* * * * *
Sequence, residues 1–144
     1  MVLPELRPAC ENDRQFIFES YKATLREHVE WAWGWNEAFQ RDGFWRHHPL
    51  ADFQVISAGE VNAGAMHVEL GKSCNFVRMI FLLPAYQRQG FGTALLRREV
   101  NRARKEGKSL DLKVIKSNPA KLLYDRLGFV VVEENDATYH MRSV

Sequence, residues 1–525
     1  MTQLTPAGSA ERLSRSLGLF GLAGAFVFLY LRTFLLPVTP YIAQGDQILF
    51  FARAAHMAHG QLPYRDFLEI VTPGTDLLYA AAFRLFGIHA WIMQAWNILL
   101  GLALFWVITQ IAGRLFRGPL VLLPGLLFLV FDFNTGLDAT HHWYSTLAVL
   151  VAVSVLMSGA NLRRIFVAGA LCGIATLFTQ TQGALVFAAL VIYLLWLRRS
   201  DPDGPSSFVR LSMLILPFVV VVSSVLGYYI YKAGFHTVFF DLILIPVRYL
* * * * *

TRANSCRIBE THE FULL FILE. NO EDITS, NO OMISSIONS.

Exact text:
Sequence, residues 1–144
     1  MVLPELRPAC ENDRQFIFES YKATLREHVE WAWGWNEAFQ RDGFWRHHPL
    51  ADFQVISAGE VNAGAMHVEL GKSCNFVRMI FLLPAYQRQG FGTALLRREV
   101  NRARKEGKSL DLKVIKSNPA KLLYDRLGFV VVEENDATYH MRSV

Sequence, residues 1–525
     1  MTQLTPAGSA ERLSRSLGLF GLAGAFVFLY LRTFLLPVTP YIAQGDQILF
    51  FARAAHMAHG QLPYRDFLEI VTPGTDLLYA AAFRLFGIHA WIMQAWNILL
   101  GLALFWVITQ IAGRLFRGPL VLLPGLLFLV FDFNTGLDAT HHWYSTLAVL
   151  VAVSVLMSGA NLRRIFVAGA LCGIATLFTQ TQGALVFAAL VIYLLWLRRS
   201  DPDGPSSFVR LSMLILPFVV VVSSVLGYYI YKAGFHTVFF DLILIPVRYL